When La Lande was passed, he walked for a quarter of an hour and reached some houses on his left - the extremity of the village of Mesnil-Raoul. On the other side was a wood, the first he had met since leaving Rouen - a wood in which, that stormy night, the wind howled with rage. A quarter of an hour later, at a turning in the road, he caught sight of a covered path leading into the underwood. This sinister spot, this dark avenue, made him decide. He left the road and entered it.
It was a road leading to the Château de Cocquetot, belonging to Citizen Normand and situated within the Commune of Radepont. The spot was little frequented, for it was not until late the next morning that a passer-by saw the body, face upwards, some thirty to forty yards from the main road. It was not until one o'clock that the juge de paix of Pont- Saint-Pierre was informed. He proceeded to Cocquetot, accompanied by his clerk, the Mayor of Radepont, and a surgeon. The last-named examined the body and found that death had been caused by two dagger wounds in the left side. In one of them the weapon was still sticking, and at such a depth that it touched the dorsal vertebrae" in which it was firmly fixed." The body was undressed, and whilst the doctor continued his examination, the juge de paix searched the pockets of the deceased's great-coat. In them he found two cartes de section and a few papers, including the address of " Mlles. Malortie, Rue aux Ours, at Rouen", and the famous letter the text of which, now to be seen in a glass case in the museum at the National Archives, has been so often quoted :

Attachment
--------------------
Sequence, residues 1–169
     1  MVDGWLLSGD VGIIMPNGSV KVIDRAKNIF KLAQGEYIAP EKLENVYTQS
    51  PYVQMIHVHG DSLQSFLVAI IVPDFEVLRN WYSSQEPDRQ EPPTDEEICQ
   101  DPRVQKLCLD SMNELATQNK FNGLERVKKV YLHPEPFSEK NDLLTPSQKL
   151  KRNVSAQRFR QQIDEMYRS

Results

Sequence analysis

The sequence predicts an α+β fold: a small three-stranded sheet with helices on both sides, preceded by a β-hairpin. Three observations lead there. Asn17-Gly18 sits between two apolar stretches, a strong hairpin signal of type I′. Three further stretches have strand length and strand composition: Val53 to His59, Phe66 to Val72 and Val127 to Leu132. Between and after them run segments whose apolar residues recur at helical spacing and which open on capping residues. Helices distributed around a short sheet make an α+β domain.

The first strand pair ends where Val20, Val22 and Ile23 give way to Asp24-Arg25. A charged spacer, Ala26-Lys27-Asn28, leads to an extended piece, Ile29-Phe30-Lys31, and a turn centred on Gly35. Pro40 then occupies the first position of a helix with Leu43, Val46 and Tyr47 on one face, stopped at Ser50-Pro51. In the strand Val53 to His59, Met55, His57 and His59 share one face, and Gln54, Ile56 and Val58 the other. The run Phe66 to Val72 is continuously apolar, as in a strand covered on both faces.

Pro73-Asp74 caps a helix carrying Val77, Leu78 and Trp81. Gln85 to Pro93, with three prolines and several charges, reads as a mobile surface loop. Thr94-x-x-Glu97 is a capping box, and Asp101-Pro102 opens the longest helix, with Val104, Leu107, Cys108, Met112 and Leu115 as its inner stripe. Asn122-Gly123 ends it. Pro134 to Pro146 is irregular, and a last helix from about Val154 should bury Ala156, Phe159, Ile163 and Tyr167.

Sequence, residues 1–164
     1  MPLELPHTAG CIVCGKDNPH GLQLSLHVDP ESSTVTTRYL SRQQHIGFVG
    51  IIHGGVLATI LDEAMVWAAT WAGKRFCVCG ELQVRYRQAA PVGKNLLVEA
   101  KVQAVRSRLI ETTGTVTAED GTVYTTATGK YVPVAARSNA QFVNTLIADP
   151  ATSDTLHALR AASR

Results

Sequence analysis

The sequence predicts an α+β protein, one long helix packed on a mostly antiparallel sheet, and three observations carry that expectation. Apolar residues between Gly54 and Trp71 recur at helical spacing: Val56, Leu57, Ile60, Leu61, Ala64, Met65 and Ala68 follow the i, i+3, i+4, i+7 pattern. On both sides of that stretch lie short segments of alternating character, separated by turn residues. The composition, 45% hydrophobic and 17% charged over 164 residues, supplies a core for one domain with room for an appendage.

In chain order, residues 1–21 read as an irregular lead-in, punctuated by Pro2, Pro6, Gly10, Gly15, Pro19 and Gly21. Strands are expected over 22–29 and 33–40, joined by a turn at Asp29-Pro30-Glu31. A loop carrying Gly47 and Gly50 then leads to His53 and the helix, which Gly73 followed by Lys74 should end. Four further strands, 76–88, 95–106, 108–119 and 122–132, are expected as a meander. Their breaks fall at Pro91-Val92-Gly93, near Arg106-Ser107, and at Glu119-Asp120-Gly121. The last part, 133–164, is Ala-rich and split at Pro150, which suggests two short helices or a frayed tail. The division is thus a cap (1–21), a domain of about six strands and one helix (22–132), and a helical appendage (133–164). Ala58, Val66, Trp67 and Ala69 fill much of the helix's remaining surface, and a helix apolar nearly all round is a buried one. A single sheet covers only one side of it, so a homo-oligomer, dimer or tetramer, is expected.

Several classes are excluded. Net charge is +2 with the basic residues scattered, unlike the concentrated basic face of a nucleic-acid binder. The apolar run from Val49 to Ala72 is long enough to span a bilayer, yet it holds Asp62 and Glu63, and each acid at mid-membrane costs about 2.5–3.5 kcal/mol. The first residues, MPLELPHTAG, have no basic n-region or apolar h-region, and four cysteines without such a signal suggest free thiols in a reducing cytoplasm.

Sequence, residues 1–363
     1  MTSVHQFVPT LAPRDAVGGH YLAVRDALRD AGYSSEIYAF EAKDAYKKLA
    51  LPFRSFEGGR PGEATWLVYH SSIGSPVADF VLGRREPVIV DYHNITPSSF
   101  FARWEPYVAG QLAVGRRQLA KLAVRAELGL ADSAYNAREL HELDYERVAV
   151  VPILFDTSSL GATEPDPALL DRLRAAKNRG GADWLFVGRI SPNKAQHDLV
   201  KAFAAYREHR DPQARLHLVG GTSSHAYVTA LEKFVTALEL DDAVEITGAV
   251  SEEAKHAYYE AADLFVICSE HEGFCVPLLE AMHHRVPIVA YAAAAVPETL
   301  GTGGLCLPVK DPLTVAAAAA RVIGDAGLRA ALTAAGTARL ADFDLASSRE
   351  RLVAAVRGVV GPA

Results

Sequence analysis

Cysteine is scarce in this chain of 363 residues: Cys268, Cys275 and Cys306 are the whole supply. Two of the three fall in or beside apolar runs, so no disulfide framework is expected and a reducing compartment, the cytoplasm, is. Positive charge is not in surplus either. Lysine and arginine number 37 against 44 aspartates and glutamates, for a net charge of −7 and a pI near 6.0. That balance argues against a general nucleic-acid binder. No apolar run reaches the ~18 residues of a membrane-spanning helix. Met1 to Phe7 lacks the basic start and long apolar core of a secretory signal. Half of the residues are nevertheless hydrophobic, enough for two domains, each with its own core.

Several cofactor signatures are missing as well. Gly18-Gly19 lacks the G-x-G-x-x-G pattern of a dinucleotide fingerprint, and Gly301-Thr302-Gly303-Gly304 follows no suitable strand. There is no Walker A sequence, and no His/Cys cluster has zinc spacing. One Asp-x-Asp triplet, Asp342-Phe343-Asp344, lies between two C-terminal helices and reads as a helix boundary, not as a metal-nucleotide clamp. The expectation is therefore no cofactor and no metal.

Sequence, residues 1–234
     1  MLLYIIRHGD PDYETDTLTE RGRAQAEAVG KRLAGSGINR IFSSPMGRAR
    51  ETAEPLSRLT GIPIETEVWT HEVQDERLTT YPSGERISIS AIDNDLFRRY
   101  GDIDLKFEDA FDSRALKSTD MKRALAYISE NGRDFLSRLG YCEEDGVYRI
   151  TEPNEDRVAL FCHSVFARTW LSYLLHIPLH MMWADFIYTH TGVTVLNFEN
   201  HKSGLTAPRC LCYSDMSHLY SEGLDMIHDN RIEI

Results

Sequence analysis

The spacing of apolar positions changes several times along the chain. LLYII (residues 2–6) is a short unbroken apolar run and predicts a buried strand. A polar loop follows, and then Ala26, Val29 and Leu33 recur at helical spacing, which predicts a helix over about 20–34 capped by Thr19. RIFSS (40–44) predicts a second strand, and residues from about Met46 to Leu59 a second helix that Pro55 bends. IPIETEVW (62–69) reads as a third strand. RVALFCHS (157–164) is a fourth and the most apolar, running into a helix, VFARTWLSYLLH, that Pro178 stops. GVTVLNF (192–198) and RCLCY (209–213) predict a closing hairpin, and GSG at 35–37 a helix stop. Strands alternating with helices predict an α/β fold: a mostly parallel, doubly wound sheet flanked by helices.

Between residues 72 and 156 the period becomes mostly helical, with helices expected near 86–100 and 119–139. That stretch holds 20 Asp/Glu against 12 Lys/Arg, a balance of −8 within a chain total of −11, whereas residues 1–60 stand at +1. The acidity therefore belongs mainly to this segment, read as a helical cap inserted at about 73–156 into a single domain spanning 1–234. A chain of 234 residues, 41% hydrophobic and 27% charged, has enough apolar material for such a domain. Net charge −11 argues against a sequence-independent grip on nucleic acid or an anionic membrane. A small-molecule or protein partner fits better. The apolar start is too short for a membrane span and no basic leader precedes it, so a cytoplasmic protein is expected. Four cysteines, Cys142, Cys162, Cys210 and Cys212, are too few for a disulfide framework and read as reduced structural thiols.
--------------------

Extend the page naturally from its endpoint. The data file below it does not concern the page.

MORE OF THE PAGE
" Whoever may find me lying here, respect my remains those of a man who died as he lived, virtuous and honest.